by Richard O. Russell, Jr, and Charles E. Rackley, ed 2; 395 pp, with illus, $39, Mount Kisco, NY, Futura Publishing Co Inc, 1981.
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This book intends to update certain concepts and procedures used in coronary care units. It is mainly directed toward the cardiac patient, particularly those with complications of acute myocardial infarction. The authors rely heavily on their vast experience obtained in the Myocardial Infarction Research Unit at the University of Alabama.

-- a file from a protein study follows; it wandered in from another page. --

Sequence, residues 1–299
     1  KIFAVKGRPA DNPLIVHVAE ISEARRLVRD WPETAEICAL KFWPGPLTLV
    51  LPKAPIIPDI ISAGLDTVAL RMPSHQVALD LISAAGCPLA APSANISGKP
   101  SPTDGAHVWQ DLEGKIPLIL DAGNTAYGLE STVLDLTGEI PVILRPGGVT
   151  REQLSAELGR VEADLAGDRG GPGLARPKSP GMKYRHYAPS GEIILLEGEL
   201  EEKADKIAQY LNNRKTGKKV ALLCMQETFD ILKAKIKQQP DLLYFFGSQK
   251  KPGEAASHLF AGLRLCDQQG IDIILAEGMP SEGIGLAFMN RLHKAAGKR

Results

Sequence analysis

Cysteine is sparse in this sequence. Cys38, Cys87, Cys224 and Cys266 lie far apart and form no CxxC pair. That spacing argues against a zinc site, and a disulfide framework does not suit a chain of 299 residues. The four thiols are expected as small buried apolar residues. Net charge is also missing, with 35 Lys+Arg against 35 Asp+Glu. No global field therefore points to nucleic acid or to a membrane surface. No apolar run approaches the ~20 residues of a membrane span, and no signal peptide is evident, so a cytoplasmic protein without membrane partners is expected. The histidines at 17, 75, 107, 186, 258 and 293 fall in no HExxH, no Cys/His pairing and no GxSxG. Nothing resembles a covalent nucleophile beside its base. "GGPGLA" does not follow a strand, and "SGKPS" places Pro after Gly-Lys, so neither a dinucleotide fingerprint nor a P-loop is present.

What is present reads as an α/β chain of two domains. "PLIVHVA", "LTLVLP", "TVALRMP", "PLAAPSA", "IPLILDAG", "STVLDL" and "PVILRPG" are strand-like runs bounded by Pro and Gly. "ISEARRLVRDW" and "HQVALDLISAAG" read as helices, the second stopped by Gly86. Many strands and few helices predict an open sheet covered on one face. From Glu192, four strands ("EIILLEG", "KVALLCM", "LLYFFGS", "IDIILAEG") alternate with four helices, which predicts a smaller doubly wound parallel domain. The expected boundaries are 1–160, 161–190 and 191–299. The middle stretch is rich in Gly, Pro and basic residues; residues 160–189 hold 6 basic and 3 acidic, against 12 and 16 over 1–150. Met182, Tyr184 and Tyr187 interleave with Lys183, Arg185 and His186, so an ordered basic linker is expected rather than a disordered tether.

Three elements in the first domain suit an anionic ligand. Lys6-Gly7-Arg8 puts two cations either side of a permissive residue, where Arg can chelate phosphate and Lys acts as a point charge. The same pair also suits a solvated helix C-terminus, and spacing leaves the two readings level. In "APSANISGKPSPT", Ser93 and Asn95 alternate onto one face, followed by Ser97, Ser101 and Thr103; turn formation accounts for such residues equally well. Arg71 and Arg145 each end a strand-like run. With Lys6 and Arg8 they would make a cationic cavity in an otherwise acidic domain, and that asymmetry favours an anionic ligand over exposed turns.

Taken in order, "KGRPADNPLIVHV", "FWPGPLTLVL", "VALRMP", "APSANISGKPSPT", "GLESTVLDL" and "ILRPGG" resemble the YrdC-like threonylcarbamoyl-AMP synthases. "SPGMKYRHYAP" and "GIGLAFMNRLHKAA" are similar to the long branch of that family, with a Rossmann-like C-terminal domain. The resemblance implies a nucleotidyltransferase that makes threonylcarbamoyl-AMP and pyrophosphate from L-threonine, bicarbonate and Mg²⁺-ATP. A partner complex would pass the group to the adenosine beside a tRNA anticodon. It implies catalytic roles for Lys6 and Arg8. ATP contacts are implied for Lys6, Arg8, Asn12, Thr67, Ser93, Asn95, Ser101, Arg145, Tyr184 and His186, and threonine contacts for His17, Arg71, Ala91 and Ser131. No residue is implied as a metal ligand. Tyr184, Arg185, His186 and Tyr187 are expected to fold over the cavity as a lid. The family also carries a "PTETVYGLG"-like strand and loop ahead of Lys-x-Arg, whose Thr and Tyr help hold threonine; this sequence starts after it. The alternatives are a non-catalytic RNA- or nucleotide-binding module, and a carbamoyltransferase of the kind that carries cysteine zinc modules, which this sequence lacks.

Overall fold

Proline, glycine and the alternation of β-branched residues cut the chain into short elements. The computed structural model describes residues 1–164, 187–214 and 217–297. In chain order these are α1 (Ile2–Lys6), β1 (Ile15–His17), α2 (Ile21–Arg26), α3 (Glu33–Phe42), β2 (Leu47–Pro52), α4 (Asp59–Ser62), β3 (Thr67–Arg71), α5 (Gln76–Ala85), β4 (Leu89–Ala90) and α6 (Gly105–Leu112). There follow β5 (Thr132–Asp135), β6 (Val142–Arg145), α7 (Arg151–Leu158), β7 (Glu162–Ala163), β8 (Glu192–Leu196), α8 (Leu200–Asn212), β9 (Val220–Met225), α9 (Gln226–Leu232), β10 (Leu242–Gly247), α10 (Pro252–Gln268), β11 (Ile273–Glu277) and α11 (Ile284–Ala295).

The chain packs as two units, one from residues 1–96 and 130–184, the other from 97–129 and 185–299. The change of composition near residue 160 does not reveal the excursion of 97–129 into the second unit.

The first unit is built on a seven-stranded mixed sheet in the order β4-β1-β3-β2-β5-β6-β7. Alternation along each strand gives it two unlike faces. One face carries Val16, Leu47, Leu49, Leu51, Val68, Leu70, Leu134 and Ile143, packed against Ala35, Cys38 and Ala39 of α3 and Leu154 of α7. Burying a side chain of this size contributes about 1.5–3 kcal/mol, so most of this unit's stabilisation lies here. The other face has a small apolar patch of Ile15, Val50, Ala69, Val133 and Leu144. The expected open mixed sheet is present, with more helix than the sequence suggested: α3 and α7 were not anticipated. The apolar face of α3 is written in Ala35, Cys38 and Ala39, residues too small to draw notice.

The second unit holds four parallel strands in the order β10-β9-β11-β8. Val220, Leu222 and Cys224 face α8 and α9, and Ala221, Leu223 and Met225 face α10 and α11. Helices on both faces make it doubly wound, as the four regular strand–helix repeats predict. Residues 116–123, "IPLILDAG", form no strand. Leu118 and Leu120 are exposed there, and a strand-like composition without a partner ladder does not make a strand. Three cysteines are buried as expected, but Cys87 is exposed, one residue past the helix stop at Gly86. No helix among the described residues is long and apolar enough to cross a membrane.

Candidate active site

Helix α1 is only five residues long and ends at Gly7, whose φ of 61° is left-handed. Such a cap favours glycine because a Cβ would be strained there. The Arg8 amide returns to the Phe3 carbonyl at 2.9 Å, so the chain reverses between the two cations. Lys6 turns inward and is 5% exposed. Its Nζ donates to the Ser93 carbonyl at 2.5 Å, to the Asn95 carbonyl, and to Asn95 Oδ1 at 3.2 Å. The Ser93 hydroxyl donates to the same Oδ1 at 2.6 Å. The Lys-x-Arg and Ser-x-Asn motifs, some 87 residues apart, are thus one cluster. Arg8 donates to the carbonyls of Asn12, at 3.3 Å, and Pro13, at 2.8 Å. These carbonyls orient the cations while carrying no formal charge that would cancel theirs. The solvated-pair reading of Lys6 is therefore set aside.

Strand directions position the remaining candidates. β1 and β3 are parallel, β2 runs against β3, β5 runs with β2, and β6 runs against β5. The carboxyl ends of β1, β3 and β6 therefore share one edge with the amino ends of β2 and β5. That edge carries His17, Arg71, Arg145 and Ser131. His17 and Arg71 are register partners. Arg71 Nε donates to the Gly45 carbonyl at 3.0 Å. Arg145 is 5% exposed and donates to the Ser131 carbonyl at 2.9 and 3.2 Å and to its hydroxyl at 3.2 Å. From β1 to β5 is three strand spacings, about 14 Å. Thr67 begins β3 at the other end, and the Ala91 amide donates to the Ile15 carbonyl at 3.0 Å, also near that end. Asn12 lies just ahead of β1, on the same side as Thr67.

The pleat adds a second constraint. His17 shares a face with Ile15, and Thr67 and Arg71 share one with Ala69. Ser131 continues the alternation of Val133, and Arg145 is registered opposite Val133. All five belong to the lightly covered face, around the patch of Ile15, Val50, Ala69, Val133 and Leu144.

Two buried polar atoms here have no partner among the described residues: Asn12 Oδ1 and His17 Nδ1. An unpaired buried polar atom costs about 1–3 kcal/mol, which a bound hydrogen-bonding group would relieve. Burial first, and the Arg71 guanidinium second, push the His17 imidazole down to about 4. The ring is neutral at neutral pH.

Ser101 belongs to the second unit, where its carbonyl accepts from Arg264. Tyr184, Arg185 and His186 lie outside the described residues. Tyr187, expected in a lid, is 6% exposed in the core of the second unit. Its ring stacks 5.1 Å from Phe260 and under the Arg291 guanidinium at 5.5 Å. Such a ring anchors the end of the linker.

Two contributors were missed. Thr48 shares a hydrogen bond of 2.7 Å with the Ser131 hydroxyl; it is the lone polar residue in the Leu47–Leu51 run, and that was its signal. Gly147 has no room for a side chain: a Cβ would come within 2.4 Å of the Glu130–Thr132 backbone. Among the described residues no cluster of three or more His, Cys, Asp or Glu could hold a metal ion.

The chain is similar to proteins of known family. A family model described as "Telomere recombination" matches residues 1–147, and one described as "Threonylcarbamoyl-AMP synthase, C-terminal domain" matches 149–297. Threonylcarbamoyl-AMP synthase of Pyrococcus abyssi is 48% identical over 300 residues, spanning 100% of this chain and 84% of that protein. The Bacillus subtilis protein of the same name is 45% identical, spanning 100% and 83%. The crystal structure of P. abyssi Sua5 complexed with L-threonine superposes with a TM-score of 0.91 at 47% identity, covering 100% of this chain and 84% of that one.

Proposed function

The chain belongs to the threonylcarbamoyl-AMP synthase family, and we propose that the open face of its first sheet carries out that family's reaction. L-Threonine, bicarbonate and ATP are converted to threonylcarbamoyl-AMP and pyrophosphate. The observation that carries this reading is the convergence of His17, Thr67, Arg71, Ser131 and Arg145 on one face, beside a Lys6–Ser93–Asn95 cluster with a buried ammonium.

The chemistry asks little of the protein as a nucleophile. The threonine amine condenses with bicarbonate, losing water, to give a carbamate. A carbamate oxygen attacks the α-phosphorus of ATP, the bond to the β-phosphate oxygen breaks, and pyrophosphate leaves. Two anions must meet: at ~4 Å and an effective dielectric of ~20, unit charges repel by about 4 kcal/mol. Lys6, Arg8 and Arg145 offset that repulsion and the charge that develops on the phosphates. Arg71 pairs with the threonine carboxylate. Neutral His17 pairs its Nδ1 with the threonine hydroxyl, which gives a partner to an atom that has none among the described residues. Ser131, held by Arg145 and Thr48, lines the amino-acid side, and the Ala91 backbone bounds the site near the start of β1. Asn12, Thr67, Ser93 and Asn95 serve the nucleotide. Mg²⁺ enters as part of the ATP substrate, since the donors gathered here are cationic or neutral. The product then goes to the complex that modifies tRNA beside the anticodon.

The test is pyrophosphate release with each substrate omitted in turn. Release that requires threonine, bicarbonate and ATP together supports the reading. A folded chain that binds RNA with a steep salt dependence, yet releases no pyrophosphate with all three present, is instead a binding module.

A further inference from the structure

Many of the chapters thus are excellent summaries of previously published data and as such would be useful to students, house staff, and nursing personnel working in coronary care units. The first several chapters, which deal with technical aspects of physiological monitoring, are particularly helpful and can serve as a guide to those who might be attempting to institute similar procedures in their own hospitals. The figures in these chapters are also helpful; however, an additional figure or diagram showing the essential anatomic landmarks and proper direction of needle insertion would have improved the discussion about the various percutaneous techniques
Loeb HS. Hemodynamic Monitoring in a Coronary Intensive Care Unit. JAMA. 1982;248(17):2172–2173. doi:10.1001/jama.1982.03330170076048
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